Ang Lee, USA, Canada, 2005o
In 1963, they meet for the first time: the young cowboys Ennis and Jack herd a farmer's sheep for a summer in the Midwest state of Wyoming. They soon realise that they have more in common than the animals, and just as quickly that their love would not be accepted in their environment and time. At the end of the summer, they part ways and both marry. But they cannot forget their true love.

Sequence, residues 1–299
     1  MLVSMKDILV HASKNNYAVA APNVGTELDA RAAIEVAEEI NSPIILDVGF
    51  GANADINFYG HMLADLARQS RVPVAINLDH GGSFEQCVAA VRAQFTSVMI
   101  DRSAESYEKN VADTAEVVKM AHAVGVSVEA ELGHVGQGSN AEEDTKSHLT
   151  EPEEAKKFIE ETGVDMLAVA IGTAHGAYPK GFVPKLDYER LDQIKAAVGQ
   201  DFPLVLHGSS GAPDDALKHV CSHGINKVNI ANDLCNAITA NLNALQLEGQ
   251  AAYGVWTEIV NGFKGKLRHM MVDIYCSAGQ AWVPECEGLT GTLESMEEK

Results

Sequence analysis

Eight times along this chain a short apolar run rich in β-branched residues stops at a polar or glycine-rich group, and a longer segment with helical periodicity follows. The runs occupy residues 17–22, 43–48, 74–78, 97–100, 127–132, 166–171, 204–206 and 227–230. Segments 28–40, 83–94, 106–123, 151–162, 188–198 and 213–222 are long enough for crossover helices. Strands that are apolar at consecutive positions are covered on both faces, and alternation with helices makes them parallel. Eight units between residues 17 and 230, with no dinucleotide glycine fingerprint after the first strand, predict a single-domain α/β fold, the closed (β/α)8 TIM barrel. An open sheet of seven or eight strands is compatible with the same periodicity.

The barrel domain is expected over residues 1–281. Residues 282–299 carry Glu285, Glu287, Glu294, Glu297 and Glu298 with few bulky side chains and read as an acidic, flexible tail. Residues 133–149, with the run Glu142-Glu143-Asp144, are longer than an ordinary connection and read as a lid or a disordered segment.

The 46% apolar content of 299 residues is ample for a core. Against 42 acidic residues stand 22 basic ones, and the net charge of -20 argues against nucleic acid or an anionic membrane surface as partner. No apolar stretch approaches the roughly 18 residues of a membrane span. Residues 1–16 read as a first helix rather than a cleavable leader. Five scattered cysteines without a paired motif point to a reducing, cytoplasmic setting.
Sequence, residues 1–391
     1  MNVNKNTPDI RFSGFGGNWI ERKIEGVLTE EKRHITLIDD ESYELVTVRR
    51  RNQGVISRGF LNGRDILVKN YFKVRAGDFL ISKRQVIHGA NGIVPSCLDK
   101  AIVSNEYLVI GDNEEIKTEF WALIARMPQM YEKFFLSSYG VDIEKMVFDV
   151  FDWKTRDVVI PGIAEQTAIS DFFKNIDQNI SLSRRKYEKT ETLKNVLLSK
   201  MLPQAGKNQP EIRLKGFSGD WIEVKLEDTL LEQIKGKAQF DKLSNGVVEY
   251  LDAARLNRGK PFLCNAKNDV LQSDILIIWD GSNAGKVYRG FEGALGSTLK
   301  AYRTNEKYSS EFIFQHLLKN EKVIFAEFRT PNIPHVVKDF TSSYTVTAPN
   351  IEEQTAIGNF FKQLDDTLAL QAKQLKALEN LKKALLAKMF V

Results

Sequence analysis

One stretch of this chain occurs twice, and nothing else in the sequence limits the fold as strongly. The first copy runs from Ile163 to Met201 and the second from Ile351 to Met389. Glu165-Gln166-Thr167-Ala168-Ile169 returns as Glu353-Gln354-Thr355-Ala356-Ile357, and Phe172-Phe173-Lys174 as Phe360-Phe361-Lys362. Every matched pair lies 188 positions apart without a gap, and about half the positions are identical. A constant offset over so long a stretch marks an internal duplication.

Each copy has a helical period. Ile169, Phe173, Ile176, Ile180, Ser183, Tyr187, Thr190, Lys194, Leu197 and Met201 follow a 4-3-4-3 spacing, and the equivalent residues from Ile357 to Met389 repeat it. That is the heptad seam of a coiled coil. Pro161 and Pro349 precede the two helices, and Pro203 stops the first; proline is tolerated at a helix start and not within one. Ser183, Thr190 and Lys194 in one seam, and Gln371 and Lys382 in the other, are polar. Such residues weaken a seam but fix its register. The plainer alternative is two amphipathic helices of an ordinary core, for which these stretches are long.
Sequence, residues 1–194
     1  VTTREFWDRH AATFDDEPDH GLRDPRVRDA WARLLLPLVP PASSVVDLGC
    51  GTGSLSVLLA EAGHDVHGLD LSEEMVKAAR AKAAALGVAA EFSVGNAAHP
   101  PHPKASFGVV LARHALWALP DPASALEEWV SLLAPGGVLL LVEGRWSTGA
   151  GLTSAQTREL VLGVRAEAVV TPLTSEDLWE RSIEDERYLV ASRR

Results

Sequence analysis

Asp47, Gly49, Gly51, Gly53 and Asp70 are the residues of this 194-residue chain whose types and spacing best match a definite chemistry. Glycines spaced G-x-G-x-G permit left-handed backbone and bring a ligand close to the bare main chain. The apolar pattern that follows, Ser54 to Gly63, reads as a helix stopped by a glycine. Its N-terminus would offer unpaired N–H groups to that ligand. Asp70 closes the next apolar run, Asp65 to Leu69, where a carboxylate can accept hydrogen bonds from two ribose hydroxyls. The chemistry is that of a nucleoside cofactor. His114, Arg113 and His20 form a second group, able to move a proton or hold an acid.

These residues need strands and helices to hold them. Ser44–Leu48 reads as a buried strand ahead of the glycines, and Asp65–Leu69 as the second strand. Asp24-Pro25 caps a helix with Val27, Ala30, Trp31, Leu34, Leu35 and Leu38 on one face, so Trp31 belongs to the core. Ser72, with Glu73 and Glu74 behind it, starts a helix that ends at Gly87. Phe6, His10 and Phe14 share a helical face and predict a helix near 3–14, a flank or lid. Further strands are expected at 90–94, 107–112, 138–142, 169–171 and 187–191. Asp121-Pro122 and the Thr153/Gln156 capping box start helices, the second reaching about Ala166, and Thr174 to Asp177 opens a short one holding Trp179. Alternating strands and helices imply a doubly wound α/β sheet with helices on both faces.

Eighteen years have passed since the premiere of this film, which at the time was billed as the first queer cowboy movie, 15 years since the death of its co-star Heath Ledger, who did not live to see his thirtieth birthday and his rise to world fame as the "Joker" due to a toxic cocktail of drugs. Upon reencounter, it's striking that Brokeback Mountain is one thing above all: another master piece by mild-mannered judge of character Ang Lee. No subject, no society is foreign to this director. The cowboys in the remote Midwest state of Wyoming in 1963 are staged by the Taiwanese-born New Yorker as if he had grown up with them. The great love of his two heroes (Ledger and Jake Gyllenhal), both of whom are heterosexually involved and lifelong fail to come out, is so natural to him that he makes no fuss at all about their homosexuality. At the same time, Lee unmistakably highlights their dilemma, which has to do with the circumstances of the time. An open confession to the other would be life-threatening, even the tacit confession makes the partners (Michelle Williams and Anne Hathaway) massively compassionate. As before, it is recommended to keep a handkerchief handy.Andreas Furler